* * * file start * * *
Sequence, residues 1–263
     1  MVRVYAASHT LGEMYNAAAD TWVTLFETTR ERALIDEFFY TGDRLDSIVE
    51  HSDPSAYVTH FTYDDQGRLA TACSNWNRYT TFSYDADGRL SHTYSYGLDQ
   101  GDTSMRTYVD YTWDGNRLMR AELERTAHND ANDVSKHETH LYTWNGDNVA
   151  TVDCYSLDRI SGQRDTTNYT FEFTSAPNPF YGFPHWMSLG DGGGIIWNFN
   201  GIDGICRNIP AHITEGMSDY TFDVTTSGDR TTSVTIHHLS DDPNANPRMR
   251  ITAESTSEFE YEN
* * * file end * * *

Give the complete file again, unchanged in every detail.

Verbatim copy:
Sequence, residues 1–263
     1  MVRVYAASHT LGEMYNAAAD TWVTLFETTR ERALIDEFFY TGDRLDSIVE
    51  HSDPSAYVTH FTYDDQGRLA TACSNWNRYT TFSYDADGRL SHTYSYGLDQ
   101  GDTSMRTYVD YTWDGNRLMR AELERTAHND ANDVSKHETH LYTWNGDNVA
   151  TVDCYSLDRI SGQRDTTNYT FEFTSAPNPF YGFPHWMSLG DGGGIIWNFN
   201  GIDGICRNIP AHITEGMSDY TFDVTTSGDR TTSVTIHHLS DDPNANPRMR
   251  ITAESTSEFE YEN